“While truck capacity hasn’t been as bad as we saw during last winter, it has remained tight and, as a consequence, rates have been elevated throughout the year,” says Jonathan Starks, FTR’s director of transportation analysis. “Recently, concern has moved from capacity on the roads, to problems at the ports. We are seeing potential impacts to retailers Black Friday plans because of the port congestion.”
To add to the troubles, importers are getting hit with surcharges at the ports. If a resolution of the west coast labor dispute or a winter slowdown in freight doesn’t ease the situation, Starks anticipates a “very tough operating environment” in early 2015 for those that are dependent on those ports.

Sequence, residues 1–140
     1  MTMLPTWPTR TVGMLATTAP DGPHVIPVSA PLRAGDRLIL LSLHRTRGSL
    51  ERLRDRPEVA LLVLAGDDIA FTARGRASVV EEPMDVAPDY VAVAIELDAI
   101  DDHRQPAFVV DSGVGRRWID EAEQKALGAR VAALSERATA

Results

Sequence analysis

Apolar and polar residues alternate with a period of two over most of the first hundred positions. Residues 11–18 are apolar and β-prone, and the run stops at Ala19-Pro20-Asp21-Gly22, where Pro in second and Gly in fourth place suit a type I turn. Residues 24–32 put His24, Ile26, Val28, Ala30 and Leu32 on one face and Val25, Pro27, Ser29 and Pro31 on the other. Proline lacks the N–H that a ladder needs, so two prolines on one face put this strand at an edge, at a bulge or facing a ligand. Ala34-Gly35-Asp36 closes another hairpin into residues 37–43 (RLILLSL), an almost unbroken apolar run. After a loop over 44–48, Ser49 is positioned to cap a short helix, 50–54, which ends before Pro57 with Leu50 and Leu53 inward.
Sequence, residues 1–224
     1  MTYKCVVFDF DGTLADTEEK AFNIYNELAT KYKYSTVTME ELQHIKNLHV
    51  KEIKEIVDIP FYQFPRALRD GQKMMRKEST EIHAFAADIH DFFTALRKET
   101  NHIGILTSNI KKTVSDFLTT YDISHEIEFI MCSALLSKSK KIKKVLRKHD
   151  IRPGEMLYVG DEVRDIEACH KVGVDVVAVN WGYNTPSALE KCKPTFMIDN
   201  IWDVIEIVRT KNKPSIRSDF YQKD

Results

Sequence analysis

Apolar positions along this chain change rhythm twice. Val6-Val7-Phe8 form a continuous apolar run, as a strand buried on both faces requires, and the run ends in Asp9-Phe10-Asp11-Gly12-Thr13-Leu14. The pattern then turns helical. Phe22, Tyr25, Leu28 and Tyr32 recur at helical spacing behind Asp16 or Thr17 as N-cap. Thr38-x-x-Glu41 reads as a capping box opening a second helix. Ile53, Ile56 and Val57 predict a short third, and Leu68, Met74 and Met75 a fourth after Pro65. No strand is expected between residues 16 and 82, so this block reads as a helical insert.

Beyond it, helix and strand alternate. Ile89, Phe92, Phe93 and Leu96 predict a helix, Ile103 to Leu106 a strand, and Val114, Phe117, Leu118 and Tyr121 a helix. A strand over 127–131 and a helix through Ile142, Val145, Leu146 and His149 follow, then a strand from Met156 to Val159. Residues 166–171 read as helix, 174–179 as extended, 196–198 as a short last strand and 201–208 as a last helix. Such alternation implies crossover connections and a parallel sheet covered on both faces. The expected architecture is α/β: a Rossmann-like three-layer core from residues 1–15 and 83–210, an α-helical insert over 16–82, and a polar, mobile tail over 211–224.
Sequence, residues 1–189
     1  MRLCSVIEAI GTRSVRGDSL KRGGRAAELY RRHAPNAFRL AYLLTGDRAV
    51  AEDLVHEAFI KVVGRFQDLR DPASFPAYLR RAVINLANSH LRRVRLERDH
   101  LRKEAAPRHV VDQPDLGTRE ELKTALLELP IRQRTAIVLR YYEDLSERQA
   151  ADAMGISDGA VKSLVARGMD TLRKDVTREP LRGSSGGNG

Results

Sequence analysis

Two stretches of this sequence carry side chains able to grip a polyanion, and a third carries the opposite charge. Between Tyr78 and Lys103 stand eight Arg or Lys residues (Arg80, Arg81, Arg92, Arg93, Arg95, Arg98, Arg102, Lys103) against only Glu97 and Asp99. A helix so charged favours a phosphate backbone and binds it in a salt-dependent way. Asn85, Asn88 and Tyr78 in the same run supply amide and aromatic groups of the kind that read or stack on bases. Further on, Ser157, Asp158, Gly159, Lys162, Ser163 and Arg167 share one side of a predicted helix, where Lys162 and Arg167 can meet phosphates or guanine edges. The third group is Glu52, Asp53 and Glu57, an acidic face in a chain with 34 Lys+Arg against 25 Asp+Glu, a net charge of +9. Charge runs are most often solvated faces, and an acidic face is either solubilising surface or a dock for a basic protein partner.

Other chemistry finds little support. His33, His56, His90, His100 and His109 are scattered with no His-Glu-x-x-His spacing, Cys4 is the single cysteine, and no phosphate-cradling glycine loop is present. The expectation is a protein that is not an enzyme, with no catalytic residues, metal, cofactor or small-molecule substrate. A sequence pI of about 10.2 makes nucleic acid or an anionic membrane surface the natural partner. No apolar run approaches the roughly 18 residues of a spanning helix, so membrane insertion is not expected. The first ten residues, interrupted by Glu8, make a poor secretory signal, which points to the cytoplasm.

Additionally, truck fleets are gaining confidence in their ability to secure rate increases for next year and have been busy ordering new trucks for delivery in 2015. October truck orders were for over 45,000 units – the second highest total on record. FTR adds.
“However, we don’t believe that it will be enough to significantly alter the supply and demand balance,” Starks says. “The market will soften as we head into the new year (weather permitting) but will tighten again as soon as spring appears. Shippers need to be prepared for another year of dealing with tight capacity and increasing rates – no matter the mode.”
The Shippers Conditions Index is a compilation of factors affecting the shippers transport environment. Any reading below zero indicates a less-than-ideal environment for shippers. Readings below 10 signal that conditions for shippers are approaching critical levels, based on available capacity and expected rates.